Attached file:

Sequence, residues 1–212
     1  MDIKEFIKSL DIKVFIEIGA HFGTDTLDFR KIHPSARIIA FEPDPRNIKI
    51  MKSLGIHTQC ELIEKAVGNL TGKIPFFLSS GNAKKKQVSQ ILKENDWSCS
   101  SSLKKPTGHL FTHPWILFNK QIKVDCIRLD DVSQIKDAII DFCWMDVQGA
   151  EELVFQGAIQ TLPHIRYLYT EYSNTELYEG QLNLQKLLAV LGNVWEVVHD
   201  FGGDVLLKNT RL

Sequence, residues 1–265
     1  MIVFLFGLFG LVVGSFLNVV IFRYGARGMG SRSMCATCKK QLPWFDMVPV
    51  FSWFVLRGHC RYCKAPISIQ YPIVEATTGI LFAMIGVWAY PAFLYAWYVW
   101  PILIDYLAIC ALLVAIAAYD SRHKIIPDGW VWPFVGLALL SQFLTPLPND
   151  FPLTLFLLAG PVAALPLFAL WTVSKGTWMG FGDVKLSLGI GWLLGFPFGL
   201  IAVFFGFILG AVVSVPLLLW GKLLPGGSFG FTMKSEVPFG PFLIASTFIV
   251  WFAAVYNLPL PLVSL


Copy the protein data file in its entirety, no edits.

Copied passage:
Sequence, residues 1–212
     1  MDIKEFIKSL DIKVFIEIGA HFGTDTLDFR KIHPSARIIA FEPDPRNIKI
    51  MKSLGIHTQC ELIEKAVGNL TGKIPFFLSS GNAKKKQVSQ ILKENDWSCS
   101  SSLKKPTGHL FTHPWILFNK QIKVDCIRLD DVSQIKDAII DFCWMDVQGA
   151  EELVFQGAIQ TLPHIRYLYT EYSNTELYEG QLNLQKLLAV LGNVWEVVHD
   201  FGGDVLLKNT RL

Sequence, residues 1–265
     1  MIVFLFGLFG LVVGSFLNVV IFRYGARGMG SRSMCATCKK QLPWFDMVPV
    51  FSWFVLRGHC RYCKAPISIQ YPIVEATTGI LFAMIGVWAY PAFLYAWYVW
   101  PILIDYLAIC ALLVAIAAYD SRHKIIPDGW VWPFVGLALL SQFLTPLPND
   151  FPLTLFLLAG PVAALPLFAL WTVSKGTWMG FGDVKLSLGI GWLLGFPFGL
   201  IAVFFGFILG AVVSVPLLLW GKLLPGGSFG FTMKSEVPFG PFLIASTFIV
   251  WFAAVYNLPL PLVSL